I spoke on critique this past weekend, so I thought I'd turn it into an article if anyone's interested.
Three years ago I had written three bad books in two years. By chance, I found RMFW and a local critique group (The Inklings). I submitted a chapter, which they proceeded to rip and restructure for me. But instead of being sad or upset, I was elated. For the first time, I realized my writing is not complete until it's been read. But mostly, I had found my tribe. Since that fateful day, they asked me to join the staff of ElectricSpec, and I've gained beta readers online, overseas, and other local readers. I've even been fortunate to receive advice from industry professionals.
But what is it about critique? Why is it so important?
Well, obviously it's a support system of people who know. They can commiserate and encourage. When I sold my first story, I told my critters before I even told my husband (he's not a writer). They might not be my family, but like I said, they're my tribe.
Regular critique provides deadlines. Deadlines are your friend. Working writers operate under deadline. Turning in subs keeps your butt in the chair and stops that endless revision loop. It also makes it easier to make the leap into professional submission.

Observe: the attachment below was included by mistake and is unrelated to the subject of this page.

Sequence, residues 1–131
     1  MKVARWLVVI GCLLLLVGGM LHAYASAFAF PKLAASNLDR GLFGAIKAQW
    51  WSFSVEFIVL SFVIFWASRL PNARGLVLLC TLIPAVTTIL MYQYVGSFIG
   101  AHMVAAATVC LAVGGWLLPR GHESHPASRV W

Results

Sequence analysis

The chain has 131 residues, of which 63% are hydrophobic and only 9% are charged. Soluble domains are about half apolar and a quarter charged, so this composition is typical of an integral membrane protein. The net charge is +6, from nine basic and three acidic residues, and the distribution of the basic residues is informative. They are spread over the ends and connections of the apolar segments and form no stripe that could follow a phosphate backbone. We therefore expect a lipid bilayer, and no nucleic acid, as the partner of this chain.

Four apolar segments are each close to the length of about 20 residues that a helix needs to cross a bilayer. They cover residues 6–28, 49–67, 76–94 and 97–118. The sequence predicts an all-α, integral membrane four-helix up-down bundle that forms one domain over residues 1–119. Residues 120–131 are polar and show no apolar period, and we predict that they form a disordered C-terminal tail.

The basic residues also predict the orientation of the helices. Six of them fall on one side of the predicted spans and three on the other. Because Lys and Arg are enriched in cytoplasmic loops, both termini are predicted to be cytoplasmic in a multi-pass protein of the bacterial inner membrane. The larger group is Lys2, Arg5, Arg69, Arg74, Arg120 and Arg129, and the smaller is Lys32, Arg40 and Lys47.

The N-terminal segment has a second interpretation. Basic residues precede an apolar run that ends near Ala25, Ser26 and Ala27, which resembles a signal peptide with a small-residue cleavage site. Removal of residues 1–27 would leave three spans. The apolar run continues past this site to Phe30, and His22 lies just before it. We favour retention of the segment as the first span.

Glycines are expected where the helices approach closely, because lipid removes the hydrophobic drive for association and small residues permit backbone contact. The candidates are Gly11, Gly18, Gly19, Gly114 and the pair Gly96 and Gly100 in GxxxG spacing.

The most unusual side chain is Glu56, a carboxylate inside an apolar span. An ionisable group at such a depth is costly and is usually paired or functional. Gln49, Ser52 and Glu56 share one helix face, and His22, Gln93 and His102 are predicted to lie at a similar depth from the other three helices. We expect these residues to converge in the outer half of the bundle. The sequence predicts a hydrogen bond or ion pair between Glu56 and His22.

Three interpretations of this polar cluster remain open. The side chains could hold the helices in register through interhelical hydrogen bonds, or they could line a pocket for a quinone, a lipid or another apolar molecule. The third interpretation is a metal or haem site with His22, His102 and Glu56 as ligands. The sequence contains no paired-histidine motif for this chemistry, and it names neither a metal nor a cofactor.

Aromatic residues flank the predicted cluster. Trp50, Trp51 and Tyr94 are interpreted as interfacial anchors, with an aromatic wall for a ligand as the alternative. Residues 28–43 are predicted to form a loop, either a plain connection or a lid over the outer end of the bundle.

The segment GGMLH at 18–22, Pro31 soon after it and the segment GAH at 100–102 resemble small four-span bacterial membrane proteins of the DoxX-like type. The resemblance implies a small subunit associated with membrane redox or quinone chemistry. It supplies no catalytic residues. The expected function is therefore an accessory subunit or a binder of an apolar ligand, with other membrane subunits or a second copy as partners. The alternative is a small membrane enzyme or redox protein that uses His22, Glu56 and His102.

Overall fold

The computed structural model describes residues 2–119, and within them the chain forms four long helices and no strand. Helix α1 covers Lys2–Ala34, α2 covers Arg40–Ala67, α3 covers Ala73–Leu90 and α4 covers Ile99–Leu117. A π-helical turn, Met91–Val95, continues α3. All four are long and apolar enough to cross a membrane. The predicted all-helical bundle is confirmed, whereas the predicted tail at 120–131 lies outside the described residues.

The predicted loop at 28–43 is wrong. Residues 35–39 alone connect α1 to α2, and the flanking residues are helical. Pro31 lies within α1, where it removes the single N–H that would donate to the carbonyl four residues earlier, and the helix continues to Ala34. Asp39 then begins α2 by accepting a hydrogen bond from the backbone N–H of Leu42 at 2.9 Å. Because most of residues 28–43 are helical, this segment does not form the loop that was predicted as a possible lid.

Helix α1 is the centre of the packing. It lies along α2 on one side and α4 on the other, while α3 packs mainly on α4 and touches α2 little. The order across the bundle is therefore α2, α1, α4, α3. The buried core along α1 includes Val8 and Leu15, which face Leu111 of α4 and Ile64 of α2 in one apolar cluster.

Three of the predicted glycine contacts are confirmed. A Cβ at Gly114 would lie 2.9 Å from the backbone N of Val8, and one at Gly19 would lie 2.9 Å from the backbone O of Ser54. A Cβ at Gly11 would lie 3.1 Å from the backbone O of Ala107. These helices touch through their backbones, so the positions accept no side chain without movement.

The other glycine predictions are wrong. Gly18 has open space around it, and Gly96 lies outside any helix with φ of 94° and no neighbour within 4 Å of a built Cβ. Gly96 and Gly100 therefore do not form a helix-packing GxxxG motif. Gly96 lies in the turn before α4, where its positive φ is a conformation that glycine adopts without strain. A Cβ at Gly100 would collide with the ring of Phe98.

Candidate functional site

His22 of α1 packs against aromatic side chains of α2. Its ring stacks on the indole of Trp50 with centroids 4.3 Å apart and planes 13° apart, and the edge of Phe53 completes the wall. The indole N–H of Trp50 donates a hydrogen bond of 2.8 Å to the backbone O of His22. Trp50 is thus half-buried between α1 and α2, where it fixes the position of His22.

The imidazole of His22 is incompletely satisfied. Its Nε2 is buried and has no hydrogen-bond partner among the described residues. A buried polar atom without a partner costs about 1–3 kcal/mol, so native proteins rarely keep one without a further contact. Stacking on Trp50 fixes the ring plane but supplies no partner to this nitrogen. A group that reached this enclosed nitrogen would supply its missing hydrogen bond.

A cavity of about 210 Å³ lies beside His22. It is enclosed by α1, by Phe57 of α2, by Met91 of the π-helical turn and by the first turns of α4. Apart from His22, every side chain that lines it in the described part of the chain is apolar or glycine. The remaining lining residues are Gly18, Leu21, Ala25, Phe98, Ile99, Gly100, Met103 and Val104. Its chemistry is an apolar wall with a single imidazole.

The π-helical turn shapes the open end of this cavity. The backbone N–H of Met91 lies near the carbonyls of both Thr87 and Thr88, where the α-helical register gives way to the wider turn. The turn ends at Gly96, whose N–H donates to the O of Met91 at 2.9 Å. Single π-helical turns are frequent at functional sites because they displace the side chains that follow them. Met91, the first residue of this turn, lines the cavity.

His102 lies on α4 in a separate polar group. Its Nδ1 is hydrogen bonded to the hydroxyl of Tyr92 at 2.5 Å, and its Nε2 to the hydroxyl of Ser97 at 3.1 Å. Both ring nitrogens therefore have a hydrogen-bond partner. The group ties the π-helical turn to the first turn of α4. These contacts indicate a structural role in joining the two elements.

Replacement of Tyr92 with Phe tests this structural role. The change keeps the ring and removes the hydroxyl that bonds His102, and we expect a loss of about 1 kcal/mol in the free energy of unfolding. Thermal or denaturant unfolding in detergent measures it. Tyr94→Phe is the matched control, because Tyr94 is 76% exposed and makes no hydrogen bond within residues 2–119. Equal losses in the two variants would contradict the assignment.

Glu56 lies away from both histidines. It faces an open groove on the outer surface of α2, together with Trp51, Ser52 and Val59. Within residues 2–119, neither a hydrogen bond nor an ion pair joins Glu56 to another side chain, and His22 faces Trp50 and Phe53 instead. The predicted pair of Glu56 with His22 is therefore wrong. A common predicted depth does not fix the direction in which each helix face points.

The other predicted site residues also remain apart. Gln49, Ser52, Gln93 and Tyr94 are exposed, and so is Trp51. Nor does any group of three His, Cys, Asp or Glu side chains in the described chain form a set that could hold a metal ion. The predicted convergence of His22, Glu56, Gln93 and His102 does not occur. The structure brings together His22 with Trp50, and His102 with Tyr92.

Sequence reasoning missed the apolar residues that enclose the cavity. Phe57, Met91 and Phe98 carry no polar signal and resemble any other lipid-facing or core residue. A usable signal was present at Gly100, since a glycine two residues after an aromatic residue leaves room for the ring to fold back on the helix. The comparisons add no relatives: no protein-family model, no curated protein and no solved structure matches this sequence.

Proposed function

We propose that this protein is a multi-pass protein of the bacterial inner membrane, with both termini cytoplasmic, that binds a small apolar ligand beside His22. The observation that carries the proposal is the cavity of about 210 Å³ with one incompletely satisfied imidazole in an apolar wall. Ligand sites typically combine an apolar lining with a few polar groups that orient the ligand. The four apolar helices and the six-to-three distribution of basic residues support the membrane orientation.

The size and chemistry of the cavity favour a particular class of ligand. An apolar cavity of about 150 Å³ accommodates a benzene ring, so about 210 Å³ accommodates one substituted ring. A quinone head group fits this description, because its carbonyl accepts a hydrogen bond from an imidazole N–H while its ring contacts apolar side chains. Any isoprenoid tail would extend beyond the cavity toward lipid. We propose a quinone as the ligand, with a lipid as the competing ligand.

Critique trains you to edit on command. This sounds like a pony trick, but I have yet to buy a story that I haven't edited. Pro writers don't balk at an editor actually editing, they expect it. Really. Your agent is going to say, "I love it. Now go fix these 500 things." And then your editor is going to say, "I'll buy this after you fix these things." And then the copy editor...well, you see my point.
To be an effective writer, you must be an effective critiquer. This is about knowing your craft. Of course there are pitfalls in giving critique, and they all stem from hurt feelings. If you take nothing else from this, write this down on a sticky and put it on your monitor: This doesn't work for me because... This forces the critiquer to not only take responsibility for what they're saying, but state why they feel the way they do. A good critiquer will always do this. I'm confused and awkward are also good phrases to use. Both are benign and indicate fixable problems.
Some issues stem from someone being condescending. In my experience, condescending writers are defensive, incompetent writers. So watch your tone. Remember: your opinion is only one person's opinion.
Beginning critters tend to focus on the negative. But we learn as much from what we do right. So find those gems and point them out. A handy method is the "sandwich" method, in which you sandwich constructive critique between two positives. Every piece has something right about it. A good critter will find it. And, of course, always focus on the writing.
Tomorrow, I'll talk about how to receive critique without blowing your top or bursting into tears, and what to do with it when you get it.